A student of mine came to visit me
and we got into a lively conversation.
Knowing my age, he asks me something
interesting: “Your life just after
the Second World War must have been hard ?”
Compared to lifestyle now,
I should probably answer, “It was hard,”
but since I never thought it was hard,
I replied, “No, it wasn’t.”
Indeed, before I started school,
my parents didn’t buy me underwear, and
I never remember eating lunch. There was
no bathroom in the house where we lived,
and seven of us slept in a six-tatami room.
When I was hungry, I sometimes ate even sand.
But I never felt that it was painful.
Perhaps it was because other people
seemed to be living similarly.
My grandfather lived a 10-minute walk away.
There were three-tatami room, four-and-a-half-tatami room,
and six-tatami room, in his house.
I slept in the three-tatami room and my grandfather in the six-tatami room.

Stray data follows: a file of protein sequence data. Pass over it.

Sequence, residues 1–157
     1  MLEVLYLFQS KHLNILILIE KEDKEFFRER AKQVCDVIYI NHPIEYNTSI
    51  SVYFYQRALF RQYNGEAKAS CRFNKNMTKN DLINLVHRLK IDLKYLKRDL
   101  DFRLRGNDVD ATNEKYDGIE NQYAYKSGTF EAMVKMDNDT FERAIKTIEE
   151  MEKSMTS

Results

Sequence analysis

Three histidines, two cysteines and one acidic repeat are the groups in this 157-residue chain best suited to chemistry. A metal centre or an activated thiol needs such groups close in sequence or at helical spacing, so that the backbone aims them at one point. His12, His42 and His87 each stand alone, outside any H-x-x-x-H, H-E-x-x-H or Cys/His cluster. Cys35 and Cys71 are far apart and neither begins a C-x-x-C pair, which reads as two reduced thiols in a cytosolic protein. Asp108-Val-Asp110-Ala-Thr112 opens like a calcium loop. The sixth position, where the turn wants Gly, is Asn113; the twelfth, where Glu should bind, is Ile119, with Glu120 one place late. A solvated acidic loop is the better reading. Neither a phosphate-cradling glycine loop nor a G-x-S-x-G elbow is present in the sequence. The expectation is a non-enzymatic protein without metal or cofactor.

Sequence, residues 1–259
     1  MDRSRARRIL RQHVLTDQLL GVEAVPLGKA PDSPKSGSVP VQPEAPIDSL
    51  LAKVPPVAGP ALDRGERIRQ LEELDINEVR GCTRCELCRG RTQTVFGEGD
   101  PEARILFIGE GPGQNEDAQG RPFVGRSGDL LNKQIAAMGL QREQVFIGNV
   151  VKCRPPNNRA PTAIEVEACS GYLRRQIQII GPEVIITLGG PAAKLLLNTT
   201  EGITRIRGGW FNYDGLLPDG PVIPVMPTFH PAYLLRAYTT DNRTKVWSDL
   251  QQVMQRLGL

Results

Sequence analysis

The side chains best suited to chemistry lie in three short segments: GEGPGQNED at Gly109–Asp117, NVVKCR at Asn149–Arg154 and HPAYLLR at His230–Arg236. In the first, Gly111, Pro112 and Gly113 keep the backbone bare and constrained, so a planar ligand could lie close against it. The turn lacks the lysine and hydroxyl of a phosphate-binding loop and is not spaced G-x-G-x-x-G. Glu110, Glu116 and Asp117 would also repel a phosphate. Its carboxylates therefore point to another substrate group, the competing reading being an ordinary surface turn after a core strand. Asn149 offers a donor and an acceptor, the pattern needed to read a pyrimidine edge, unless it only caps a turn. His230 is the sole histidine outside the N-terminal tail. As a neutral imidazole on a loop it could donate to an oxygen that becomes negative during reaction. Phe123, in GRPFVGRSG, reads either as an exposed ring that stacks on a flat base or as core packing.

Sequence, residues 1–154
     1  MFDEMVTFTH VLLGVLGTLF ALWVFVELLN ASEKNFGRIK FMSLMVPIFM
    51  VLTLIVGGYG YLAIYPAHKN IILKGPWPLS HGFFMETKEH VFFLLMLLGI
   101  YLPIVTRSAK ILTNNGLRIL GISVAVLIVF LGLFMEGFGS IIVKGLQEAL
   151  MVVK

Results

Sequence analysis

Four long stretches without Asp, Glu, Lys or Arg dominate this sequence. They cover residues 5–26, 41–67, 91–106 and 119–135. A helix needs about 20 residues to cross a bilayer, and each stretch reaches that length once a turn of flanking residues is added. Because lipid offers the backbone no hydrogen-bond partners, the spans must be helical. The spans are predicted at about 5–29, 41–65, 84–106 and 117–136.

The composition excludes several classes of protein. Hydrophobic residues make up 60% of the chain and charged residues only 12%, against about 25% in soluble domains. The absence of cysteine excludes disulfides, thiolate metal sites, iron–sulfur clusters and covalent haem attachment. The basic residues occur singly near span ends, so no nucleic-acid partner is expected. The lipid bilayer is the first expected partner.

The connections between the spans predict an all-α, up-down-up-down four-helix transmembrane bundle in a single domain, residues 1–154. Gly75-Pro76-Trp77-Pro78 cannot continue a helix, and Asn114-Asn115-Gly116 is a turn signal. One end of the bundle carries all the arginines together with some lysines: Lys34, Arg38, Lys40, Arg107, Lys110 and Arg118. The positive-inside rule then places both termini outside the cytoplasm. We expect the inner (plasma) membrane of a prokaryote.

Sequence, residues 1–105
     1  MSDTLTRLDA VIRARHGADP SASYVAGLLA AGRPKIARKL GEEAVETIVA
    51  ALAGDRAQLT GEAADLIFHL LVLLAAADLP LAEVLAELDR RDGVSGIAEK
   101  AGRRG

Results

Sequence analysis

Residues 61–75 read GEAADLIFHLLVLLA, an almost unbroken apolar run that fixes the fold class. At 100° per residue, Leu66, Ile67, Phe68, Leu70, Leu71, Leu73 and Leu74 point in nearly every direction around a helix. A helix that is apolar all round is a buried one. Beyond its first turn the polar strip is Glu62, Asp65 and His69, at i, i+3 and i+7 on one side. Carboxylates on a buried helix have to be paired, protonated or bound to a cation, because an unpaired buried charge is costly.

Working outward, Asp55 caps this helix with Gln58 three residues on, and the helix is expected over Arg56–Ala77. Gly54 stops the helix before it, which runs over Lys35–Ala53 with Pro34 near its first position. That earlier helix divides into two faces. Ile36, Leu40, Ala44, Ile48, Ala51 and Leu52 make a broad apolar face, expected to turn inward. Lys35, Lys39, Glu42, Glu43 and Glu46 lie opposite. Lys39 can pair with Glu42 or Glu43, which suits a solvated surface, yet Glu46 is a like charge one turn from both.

My grandfather’s life seemed rich like a dream,
even though it was a really simple life now.
My father died when I was two years old
and my mother raised five children.
But I didn’t know what that meant.
So I never felt unhappy.
I think all children are like that.
Rather, I think it was the poverty of
my childhood that allowed me to feel
tremendous happiness. In that sense,
I suppose I am happier today because of
the poverty I experienced then.
Television often broadcasts pitiful scenes from poor African countries.
And the voiceover says how pitiful it is.
However, I have a feeling that the children shown on the TV
don’t seem to think they are unhappy.
Just as I, who was malnourished and sick
when I was a child, did not think I was unhappy.
In that sense, the mass media is also a misery-making machine